Installing basement windows lets you create a functional basement space beyond just storage. Window wells are an essential step in this process because they protect your windows and foundation. They also allow in more light. 

If you plan to use your basement as a living space, you’re likely required to have a point of emergency egress from the basement. Installing windows and egress wells large enough for a person to exit from will be necessary to meet the local building codes. 

How deep should a basement window well be?

Check local code requirements before deciding on the depth of your window well. Generally, a window well needs to be 8 inches deeper than the windowsill and about 6 inches wider than the window itself.

How do I keep water out of my basement window wells?

A properly installed window well can help keep water from leaking from the ground, but it won’t do much to stop water from falling in.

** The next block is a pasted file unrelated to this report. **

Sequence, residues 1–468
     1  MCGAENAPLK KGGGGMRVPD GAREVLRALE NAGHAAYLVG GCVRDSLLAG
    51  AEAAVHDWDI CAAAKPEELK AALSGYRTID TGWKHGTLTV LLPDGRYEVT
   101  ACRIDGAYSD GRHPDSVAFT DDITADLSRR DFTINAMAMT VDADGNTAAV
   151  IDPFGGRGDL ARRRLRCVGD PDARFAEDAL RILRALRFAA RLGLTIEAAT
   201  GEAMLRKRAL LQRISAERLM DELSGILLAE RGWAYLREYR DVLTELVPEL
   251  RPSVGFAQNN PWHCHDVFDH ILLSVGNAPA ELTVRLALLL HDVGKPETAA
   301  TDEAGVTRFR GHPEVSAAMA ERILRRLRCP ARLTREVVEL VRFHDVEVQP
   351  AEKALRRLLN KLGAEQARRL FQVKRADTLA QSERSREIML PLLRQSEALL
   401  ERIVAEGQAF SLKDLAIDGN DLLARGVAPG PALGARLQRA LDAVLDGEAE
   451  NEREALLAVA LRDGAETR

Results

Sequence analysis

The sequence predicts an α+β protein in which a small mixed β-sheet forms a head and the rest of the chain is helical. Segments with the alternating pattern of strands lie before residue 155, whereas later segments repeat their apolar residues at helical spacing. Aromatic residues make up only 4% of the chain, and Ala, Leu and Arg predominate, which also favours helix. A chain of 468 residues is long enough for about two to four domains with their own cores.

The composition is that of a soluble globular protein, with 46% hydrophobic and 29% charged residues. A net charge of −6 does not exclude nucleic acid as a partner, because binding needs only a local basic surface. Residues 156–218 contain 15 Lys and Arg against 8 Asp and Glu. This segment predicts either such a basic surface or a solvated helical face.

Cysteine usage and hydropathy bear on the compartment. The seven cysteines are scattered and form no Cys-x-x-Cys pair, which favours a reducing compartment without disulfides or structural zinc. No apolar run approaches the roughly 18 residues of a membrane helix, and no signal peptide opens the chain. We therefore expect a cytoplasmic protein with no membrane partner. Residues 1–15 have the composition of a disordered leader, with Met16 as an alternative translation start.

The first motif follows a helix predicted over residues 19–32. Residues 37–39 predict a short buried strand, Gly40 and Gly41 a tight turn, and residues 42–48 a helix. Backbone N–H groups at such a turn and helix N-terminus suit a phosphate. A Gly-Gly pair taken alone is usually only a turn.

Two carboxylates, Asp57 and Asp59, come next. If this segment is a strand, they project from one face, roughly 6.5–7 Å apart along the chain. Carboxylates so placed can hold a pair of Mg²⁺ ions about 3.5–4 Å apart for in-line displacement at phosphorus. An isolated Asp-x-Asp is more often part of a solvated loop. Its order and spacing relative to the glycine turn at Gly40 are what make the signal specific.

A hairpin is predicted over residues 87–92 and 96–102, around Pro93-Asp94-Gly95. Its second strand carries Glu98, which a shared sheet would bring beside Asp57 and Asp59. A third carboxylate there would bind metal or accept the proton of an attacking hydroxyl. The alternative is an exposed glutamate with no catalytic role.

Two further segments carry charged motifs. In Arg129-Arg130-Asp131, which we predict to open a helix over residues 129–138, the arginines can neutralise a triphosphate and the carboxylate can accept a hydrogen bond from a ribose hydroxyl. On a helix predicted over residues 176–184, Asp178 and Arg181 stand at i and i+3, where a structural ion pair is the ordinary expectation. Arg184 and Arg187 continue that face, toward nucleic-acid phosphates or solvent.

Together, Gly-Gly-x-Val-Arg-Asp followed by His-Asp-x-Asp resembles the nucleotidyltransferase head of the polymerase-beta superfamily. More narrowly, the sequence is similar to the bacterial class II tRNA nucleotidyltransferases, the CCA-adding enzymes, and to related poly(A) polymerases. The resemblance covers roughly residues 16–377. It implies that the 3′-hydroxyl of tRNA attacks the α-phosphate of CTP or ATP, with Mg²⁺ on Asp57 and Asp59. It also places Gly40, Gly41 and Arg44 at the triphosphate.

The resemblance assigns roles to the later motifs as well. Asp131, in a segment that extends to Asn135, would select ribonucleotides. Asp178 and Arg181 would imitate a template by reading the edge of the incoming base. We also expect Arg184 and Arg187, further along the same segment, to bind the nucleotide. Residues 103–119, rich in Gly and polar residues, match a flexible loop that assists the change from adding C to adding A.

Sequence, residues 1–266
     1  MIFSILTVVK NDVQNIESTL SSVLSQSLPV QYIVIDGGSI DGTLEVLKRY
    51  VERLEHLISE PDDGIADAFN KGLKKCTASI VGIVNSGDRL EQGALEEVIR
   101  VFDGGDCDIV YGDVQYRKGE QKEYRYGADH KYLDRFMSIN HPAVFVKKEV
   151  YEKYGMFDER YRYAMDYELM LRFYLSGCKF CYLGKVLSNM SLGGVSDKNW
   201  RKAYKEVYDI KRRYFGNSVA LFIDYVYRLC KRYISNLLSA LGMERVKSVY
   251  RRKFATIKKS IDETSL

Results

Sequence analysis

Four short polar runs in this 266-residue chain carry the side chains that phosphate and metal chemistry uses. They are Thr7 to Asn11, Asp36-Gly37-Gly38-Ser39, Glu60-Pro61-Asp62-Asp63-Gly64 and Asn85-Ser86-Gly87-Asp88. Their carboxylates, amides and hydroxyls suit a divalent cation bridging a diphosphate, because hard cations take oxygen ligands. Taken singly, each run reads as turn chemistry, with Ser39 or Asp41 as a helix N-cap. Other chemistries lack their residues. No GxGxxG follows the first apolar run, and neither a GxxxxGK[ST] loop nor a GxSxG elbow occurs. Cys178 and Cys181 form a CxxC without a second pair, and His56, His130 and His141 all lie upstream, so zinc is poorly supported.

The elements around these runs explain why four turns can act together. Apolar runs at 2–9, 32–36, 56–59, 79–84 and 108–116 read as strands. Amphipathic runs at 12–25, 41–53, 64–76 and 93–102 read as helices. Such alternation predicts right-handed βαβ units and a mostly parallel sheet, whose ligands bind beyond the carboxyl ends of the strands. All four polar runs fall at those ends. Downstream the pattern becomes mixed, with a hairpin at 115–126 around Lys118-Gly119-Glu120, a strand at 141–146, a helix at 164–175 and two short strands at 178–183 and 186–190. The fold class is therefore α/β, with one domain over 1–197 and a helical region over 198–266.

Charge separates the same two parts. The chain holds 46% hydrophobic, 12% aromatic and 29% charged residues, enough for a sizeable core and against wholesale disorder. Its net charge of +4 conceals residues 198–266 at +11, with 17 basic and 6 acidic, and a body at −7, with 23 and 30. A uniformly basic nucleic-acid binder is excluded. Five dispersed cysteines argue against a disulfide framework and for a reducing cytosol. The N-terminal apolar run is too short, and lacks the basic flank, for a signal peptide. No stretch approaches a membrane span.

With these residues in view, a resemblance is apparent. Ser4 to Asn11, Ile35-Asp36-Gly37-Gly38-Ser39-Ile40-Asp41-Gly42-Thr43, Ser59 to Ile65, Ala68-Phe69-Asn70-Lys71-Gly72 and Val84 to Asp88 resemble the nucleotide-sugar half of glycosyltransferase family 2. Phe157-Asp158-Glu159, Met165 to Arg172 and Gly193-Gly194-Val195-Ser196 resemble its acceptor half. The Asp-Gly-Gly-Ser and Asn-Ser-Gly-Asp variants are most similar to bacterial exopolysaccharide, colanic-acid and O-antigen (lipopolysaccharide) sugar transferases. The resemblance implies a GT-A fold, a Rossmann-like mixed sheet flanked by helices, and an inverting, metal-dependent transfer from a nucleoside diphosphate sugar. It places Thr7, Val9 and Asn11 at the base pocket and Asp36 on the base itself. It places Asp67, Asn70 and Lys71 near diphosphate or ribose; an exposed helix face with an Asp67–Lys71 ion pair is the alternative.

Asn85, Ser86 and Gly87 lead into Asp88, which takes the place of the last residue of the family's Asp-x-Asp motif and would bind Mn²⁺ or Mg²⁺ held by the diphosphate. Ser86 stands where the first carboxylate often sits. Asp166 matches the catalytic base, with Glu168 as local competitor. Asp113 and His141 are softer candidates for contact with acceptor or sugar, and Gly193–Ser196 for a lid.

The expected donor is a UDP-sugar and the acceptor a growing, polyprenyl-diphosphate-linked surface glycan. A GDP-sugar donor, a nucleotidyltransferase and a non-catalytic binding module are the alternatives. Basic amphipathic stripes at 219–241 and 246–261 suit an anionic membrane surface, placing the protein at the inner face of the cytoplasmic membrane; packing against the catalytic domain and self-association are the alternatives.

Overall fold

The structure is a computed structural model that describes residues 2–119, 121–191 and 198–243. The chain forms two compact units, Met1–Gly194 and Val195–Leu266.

To stop leaks, you can do the following:

  • Install window well covers
  • Address drainage issues, like improper slope grading, clogged gutters, and downspouts that aren’t long enough

How much does it cost to replace or install a window well?

Many things impact the cost of replacing or installing a window well. According to HomeAdvisor, you can expect to pay $200 and up. Pre-manufactured wells begin at $200 and go up to as much as $1,500. If you plan to use the window well as part of a basement egress point, you may also need a well ladder that costs between $50 and $200. Well covers also range in price from $150 to $1,200.


Keep your home systems protected with Cinch

Installing and maintaining a solid window well can do a lot to protect your basement and foundation from damage. Cinch Home Services is here to help homeowners protect their homes with a straightforward, easy-to-understand home warranty. A home protection plan from Cinch can help cover the cost of repairing or replacing essential appliances and systems when they break down. 

Reach out for an instant quote today to find the right plan for your family. 


Learn about the importance of basement window wells, how to select the right materials and tips for installation.